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Flooding in Fargo

March 28, 2009

Well kids, it’s been exhausting, but I think we might pull through.

As you would know if you read the “about” section of this blog, I live in Fargo, ND where I was born & bred. We are currently going through massive flooding with about a foot of snow on the ground. The waters will be higher than in 1997 and possibly higher than in 1897 (the highest recorded flooding of the Red River).

Last night my dad, sister, and I went to sandbag the top of the portable sand walls they’ve got up around our neighborhood (which is in the 500 year floodplain). We went out about 10 pm and didn’t stop until 12:30 or so. It was exhausting. Not the lifting of sandbags and placing them on the wall – no, that was the easy part. It was lifting the sandbags, throwing them on the ground, and trying to break up the frozen sand inside that was the hard part. Some of the sandbags were frozen solid, all the way through. They bounced when they hit the pavement. Not a good sign.

It was also freezing cold and snowing, but the cold is a relatively good thing: it slows down the melt and therefore slows down the rising of the river somewhat. Frozen sandbags? Not so much fun.

Luckily, though, they have not had to raise the crest prediction again. Instead of 43 feet, it is back down to 41.5-42 feet. 90% of the dikes in the F-M area have been built to 43 or 44 feet, so we should be just fine. What they’re worried about now is dikes breaking or leaking, so they’re building contigency dikes and shoring up the already built ones.

There are a few unfortunate things about the way the City handled/is handling this flood: 1) The far southern area of Fargo along the Red was not initially given enough attention and has suffered for it, 2) outlying townships and small communities outside of city limits were essentially left to fend for themselves, even when Fargo had a surplus of volunteers, and 3) info on how exactly to build effective dikes was not well-circulated (some people sandbagging last night thought we  actually had to build 44 foot high walls, not just to 44 surveyed feet above normal river levels, others built their dikes too tall and narrow to be much use).

However, there are a lot of things the City has done very well: 1) having an evacuation plan, 2) having the Code Red phone alert system in place, 3) building packed clay dikes, 4) getting those marvelous portable sand walls they use in Iraq, and 5) getting the word out on how to be rescued if necessary and including safety info (i.e. there will be no night rescues) out there.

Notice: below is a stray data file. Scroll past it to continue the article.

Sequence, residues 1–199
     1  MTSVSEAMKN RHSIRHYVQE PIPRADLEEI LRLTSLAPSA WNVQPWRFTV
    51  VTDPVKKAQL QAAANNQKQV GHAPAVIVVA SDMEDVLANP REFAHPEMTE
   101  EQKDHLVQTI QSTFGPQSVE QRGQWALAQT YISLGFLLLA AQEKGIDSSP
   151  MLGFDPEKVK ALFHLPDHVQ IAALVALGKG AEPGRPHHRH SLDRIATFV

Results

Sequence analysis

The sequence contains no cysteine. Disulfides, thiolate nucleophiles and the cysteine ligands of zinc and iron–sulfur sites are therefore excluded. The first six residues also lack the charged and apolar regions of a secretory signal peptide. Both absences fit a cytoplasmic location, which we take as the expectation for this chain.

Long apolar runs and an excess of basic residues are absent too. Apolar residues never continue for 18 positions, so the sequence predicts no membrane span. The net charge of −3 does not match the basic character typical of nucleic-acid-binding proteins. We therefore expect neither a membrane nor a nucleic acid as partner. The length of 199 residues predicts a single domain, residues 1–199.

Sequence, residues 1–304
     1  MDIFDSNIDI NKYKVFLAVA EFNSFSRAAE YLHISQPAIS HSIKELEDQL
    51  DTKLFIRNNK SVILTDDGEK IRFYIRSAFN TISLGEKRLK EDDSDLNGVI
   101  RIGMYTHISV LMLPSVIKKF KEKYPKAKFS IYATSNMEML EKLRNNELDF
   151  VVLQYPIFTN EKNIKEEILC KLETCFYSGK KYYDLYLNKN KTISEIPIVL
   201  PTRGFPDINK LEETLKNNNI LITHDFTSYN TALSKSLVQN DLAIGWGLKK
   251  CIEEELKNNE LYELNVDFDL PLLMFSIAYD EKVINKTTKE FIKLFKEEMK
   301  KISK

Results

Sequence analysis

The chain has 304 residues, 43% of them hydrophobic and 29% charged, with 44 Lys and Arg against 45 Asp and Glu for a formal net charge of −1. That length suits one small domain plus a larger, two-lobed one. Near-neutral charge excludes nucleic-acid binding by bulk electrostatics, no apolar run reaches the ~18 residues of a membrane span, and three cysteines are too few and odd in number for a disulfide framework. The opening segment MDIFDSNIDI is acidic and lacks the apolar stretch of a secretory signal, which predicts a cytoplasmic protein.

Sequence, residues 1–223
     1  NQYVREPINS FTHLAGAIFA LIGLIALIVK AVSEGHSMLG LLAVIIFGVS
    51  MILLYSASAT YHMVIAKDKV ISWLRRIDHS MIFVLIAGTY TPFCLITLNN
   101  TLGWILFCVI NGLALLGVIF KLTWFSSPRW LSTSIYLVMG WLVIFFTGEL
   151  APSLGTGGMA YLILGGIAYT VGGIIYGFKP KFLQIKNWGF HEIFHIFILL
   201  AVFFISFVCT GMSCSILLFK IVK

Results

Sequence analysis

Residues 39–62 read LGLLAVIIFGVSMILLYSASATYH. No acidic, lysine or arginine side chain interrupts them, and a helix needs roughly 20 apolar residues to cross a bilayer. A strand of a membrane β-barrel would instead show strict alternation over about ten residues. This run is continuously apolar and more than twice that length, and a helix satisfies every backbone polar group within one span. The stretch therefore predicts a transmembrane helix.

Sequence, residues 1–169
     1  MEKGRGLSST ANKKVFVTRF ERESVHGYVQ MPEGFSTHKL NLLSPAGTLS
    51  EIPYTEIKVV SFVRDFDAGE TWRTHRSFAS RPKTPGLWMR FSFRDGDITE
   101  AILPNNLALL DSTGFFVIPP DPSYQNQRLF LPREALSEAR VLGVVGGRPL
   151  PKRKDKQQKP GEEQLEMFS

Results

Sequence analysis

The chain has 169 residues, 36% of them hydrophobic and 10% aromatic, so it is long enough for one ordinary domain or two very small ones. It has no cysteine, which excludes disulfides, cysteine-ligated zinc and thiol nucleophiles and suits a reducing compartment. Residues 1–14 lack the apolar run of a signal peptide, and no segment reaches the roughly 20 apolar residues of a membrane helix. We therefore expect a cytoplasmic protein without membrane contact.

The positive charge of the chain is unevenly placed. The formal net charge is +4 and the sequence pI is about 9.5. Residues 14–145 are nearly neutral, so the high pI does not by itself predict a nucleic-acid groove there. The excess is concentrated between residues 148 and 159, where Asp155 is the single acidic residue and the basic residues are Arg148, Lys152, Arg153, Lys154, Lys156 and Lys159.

I’ve been reading up on flood news with the national news outlets (The Boston Globe’s “The Big Picture” is a pretty good representation in photos) and have been amused and touched by the marveling over our volunteer efforts and neighbors and strangers coming together to help other people. Touched by the good sentiments and wishes, amused because behavior like that is pretty par-for-the-course in the Midwest, especially the RRV post-’97-flood.

I, my friends, and my little sister have gone and filled sandbags, both at Sandbag Central and in people’s driveways, and built dikes all over the city. All three colleges, NDSU, MSUM, and Concordia College, as well as pretty much all the local high schools (public and private) all the way down to the 8th grade have cancelled classes so that students could go and volunteer. Students from UND up in Grand Forks (protected this time around by a 57 foot dike built after ’97 by the Army Corps of Engineers with Federal disaster relief funds) and people from the Twin Cities and surrounding areas have come to help, whether with manual labor or handing out food and water to volunteers.

Right now I am very optimistic, particularly for my neighborhood. The water is already receding slightly in some flooded areas. The Oak Grove and Oxbow neighborhoods in Fargo, Oakport Township in Moorhead, Meritcare Hospitals, all of the nursing homes, MSUM, and Concordia College in Moorhead have all been evacuated, though only Oak Grove, Oxbow, and Oakport are currently flooded. Some of the more rural areas, especially along the Wild Rice river (a tributary of the Red) are also experiencing flooding and many people have had to be rescued by boat and helicopter.

Why so optimistic, you may ask? It sounds pretty horrible, right? It does, and in some places, it is pretty horrible, but the majority of the city is pretty protected, especially since they lowered the crest prediction by about a foot.